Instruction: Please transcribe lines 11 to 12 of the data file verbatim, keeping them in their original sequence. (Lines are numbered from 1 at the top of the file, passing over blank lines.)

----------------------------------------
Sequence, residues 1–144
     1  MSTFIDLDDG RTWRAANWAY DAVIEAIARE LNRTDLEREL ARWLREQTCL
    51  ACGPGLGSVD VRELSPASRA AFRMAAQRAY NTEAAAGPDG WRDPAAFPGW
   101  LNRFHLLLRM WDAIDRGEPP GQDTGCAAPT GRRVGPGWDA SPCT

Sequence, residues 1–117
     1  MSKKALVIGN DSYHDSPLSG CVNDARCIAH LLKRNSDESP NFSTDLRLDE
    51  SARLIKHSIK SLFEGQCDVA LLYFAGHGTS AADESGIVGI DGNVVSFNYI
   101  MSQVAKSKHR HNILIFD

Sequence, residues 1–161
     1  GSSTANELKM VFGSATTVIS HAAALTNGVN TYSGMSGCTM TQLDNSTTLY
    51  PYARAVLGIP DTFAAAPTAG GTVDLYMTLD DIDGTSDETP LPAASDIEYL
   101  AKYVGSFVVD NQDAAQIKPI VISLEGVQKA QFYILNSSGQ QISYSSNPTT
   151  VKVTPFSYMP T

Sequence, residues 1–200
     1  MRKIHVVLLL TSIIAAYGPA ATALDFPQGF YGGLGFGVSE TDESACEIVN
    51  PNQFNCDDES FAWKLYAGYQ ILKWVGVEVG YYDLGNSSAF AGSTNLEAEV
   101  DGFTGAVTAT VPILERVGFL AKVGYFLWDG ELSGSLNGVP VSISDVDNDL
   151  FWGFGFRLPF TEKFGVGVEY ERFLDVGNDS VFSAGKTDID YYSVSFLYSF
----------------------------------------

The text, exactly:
    51  PYARAVLGIP DTFAAAPTAG GTVDLYMTLD DIDGTSDETP LPAASDIEYL
   101  AKYVGSFVVD NQDAAQIKPI VISLEGVQKA QFYILNSSGQ QISYSSNPTT